TALKING THE TEMPERATURE

For the first ILP ‘How to be brilliant’ event of 2024, Jade King and Graham Rollins of Lighting Design International showed how effective use of colour temperature is becoming an increasingly important design tool. Lighting Journal listened in

The ILP’s ‘How to be brilliant’ events programme, as most ILP members will be well-aware by now, is all about encouraging and inspiring young, new and up-and-coming lighters.

It was therefore very appropriate that the first How to be brilliant of 2024, which took place in April, had as one of its co-presenters Jade King, a lighting designer who has only been in the industry for a little over two years and, in fact, was presenting in public for the very first time.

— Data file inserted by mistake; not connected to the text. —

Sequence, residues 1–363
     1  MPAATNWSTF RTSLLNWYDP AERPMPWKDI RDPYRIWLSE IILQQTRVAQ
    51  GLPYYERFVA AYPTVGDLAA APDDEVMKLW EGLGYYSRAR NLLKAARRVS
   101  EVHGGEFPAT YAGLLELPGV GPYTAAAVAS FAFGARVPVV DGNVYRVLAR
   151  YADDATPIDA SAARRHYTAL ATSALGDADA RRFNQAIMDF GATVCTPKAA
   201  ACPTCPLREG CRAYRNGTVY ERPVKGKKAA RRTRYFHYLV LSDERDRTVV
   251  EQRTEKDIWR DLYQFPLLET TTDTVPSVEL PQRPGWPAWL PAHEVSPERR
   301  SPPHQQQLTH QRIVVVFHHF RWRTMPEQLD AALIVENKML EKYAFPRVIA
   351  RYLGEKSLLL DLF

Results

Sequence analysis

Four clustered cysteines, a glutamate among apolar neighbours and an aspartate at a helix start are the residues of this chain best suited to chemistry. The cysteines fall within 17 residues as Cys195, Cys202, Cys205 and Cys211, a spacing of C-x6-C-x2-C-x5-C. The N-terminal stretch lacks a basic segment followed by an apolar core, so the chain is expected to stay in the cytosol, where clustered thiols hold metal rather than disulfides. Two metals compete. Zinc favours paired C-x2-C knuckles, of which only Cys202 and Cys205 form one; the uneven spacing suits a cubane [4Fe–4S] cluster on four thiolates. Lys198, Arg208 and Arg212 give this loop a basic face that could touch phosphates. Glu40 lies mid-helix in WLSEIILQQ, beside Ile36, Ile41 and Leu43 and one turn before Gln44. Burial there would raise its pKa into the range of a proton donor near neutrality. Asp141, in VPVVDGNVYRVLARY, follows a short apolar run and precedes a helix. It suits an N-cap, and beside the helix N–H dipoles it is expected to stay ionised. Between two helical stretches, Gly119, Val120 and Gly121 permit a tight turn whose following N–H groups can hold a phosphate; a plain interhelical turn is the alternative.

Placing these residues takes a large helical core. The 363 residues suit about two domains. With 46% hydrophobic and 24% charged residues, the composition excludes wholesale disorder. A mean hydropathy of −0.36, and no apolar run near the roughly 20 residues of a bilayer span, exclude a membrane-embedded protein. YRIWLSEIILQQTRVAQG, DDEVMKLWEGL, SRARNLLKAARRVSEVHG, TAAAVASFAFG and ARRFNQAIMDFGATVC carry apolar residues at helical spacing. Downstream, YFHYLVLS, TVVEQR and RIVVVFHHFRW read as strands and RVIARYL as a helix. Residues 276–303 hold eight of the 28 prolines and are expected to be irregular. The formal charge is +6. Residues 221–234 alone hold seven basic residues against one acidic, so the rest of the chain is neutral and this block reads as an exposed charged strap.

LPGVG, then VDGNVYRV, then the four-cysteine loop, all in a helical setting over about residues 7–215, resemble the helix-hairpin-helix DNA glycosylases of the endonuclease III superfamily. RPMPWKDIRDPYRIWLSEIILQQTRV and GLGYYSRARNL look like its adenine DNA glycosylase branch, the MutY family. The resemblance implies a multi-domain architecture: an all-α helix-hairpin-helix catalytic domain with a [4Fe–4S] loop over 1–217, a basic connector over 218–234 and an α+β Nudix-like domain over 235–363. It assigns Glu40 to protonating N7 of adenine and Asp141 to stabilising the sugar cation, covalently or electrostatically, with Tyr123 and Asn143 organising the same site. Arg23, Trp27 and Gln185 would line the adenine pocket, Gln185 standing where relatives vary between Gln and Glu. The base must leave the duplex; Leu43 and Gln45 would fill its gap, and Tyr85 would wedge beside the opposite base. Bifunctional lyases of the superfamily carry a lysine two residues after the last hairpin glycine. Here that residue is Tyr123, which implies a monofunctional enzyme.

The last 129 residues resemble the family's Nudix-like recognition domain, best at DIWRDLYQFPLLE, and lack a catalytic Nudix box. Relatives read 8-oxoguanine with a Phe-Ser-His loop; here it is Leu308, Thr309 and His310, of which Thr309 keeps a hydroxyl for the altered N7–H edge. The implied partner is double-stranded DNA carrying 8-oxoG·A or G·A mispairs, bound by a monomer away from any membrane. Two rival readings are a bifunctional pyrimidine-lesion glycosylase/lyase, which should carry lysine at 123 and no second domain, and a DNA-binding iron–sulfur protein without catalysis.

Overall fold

Jade, a lighting designer with Lighting Design International, was joined by Graham Rollins, creative director for the practice and, with 23 years in the industry most definitely not a newcomer, to talk about ‘How to be brilliant… at colour temperature’.

The event, held at The Lutron Experience Centre in London, was once again sponsored by BEGA, which allows the events to remain free to entry.

Graham and Jade started off their presentation by recapping on the vast array of colour temperature you can nowadays achieve with modern-day LED technology before focusing on a number of key projects.

Of course, playing with and adjusting colour temperature will be very much bread and butter to most ILP members.

What Graham and Jade showed, however, is just how sophisticated, sensitive and nuanced LED lighting can now be when it comes to controlling colour temperature; how the tools and approaches a lighting designer can bring to bear in this context can very powerfully complement the work and vision of the architect.